The Department of Homeland Security (DHS) placed a solicitation by way of the Transportation Safety Administration (TSA) for 700 pounds of High Density Ammonium Nitrate and 700 pounds of A-5 Flake RDX with a delivery date of August 31, 2012.
For those of you who do not know, these are the ingredients to build a makeshift bomb.
Why would the DHS/TSA order such material? From their Statement of Work:
Name of Requisitioning Office: National Canine Program (NCP)/ Canine Explosives Section (CES)
SECTION II: Purpose
Scope of the Product, Service, or Outcome:
The CES requires the 700 pounds of High Density Ammonium Nitrate and 700 pounds of A-5 Flake RDX to provide Canine Explosive Training Aids (CETAs) to NCP participants. The supplier must be able to meet the exact requirements by August 31st, 2012. Substituions for this product are not acceptable
SECTION III: Background
The CES is required to provide NCP participants with CETAs. The CES has selected to use High Density Ammonium Nitrate and A-5 Flake RDX as it will provide NCP participants with a more realistic training aid and compliment the current aids provided.
This all comes on the heels of a solicitation for sheet style high powered plastic explosives.
The problem is very clear. As stated in the ATF Law Enforcement Guide to Explosives Incident Reporting document:
In order to detonate ammonium nitrate, the use of a booster is required. Commercially, Pentolite and RDX are used as a booster, while the military will often use TNT as the booster.
Instead of using a poor quality analog (aka hamburger) for Ammonium Nitrate to train dogs, they are requesting High Density, or the Kobe Beef of Ammonium Nitrate (AN). And in order to detonate the AN, RDX is used. The Department of Homeland Security is requesting BOTH components of a binary explosive compound to be delivered to a government facility in downtown Atlantic City, New Jersey.
To put the amount of explosives into perspective, Timothy McVeigh used 5,000 pounds of AN and motor racing fuel. RDX has a much greater explosive capacity than racing fuel, and McVeigh was a party to mass murder and destruction that would be on par with these materials being detonated.
The project claims it is for “Canine Explosive Training Aids”. One wonders what they need with over half a ton of explosive nitrates to train dogs. If a dog needed only 1 ounce of each material in order to be trained and tested, there is enough material for 11,200 dogs at the same time.
Congress gave oversight to DHS of procurement of ammonium nitrate after requesting they “regulate the sale and transfer of ammonium nitrate by an ammonium nitrate facility…to prevent the misappropriation or use of ammonium nitrate in an act of terrorism.”
Just hours after the story of the request by the Department of Homeland Security / Transportation Safety Administration was originally published by PPRN News, Jacob Goodwin, Editor-in-Chief of Government Security News released an article explaining how innocuous and safe this request is.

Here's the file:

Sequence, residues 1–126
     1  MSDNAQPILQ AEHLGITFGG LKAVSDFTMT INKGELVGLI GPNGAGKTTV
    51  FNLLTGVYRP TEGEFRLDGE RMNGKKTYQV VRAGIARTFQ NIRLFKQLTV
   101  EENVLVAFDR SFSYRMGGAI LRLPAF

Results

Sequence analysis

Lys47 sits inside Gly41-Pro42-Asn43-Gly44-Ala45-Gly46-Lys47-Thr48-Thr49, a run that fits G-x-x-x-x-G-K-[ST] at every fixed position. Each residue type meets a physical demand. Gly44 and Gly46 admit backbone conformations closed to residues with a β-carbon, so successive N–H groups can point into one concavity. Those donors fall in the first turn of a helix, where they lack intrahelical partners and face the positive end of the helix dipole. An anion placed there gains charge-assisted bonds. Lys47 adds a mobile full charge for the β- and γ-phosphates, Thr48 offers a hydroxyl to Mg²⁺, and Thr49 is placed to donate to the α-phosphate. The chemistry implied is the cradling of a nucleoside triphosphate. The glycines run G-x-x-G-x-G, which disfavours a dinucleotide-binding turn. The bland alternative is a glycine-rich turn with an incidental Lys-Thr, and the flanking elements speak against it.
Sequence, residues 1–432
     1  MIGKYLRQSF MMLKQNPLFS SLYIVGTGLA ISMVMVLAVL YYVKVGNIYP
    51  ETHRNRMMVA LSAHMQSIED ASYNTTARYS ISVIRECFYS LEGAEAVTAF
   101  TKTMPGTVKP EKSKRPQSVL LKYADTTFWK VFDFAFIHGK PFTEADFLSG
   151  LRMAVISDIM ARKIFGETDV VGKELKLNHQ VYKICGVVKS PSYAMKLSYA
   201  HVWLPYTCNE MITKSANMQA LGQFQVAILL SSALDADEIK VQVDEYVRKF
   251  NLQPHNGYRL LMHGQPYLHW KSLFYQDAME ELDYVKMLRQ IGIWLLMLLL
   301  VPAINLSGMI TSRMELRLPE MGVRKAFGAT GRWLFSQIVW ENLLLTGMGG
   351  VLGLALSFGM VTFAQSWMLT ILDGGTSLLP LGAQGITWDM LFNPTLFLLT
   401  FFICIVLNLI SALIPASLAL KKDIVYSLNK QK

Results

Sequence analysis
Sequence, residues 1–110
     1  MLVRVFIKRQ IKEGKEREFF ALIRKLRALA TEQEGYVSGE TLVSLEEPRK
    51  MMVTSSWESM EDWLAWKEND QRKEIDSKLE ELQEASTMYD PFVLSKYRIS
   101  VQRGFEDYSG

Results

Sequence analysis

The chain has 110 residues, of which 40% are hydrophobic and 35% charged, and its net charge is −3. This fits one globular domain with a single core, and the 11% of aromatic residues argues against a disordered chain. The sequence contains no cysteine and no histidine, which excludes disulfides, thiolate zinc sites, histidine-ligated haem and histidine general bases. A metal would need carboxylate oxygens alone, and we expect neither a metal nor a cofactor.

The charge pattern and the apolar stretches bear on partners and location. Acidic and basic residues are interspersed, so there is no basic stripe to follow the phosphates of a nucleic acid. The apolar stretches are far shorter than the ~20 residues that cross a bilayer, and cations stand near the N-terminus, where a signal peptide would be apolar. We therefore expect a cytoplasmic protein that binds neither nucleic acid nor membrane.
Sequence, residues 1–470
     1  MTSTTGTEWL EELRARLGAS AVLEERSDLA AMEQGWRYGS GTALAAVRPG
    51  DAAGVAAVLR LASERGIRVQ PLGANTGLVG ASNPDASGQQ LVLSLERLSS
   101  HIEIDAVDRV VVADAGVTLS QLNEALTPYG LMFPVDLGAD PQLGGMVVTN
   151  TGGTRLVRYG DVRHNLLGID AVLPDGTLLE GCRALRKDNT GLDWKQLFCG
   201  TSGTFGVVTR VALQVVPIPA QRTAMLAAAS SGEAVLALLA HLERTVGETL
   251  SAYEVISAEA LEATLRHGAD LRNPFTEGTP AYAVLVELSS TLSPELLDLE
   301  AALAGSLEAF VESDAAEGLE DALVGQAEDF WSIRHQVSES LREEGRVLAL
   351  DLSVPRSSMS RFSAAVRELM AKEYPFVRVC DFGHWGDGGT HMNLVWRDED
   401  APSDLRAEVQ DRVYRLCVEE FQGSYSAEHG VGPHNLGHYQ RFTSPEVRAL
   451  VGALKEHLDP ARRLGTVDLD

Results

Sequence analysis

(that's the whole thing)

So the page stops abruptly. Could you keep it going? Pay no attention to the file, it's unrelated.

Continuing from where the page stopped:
The invitation to bid is a 100% small business set-aside opportunity, and prospective vendors have until August 13 to submit their bids. Delivery of the explosives, which must be packed in bags, is required within 15 days, says the TSA notice.
The RDX and ammonium nitrate will be sent to the William J. Hughes Technical Center in Atlantic City, NJ.
‘TSA’s National Explosives Detection Canine Team Program prepares dogs and handlers to serve on the front lines of America’s War on Terror,’ says the agency’s Website. ‘These very effective, mobile teams can quickly locate and identify dangerous materials that may present a threat to transportation systems. Just as important, they can quickly rule out the presence of dangerous materials in unattended packages, structures or vehicles, allowing the free and efficient flow of commerce.’
Several new issues have come to light.
First and foremost, the solicitation has been removed from the list of DHS requests. Simply putting the solicitation in the FBO search engine, or RDX or Ammonium Nitrate will fail to yield any results.
Secondly, one of the most troubling aspects of the request is the amount of time that the company must deliver the material. The bid opened on 8 August, and closes 5 days later. Typically, bids run much longer and materials are usually due within sixty days after the close of the bid. But this bid closes next Monday, the 13th, and must be delivered within eighteen days after that. The speed to complete this request could be justified if the solicitation was being made at the end of the fiscal year, in September. But that is still seven weeks away. Haste makes waste. What does the DHS/TSA plan on laying waste to?
And finally, history again serves as our teacher. Further reading has found that many times in recent memory the amounts of explosives used in terror attacks around the world have been approximately one half ton, the amount suited to fill a small minivan. India, Afghanistan, and other terror-cell laden nations have had their peace breached by the use of high explosives.
Not surprisingly, according to our federal government there is nothing to worry about.
Now we know who submitted the winning bid.
According to the firm’s website, it specializes in supporting Federal, State and local governments and the private sector “in securing the homeland.” It has a rapid response team trained in firearms and security; and it provides consulting, training and legal services.
It is not a manufacturer of fertilizer or explosives. They employ a network of former ATF, Customs, DEA, FBI, ICE, IRS and Secret
Service agents, as well as noted experts on homeland security, executive protection, vulnerability assessments and critical infrastructure protection.
This is obviously another case of cronyism. It’s rampant in Washington, where people work for government or get elected to Congress and then leave to make money off their connections.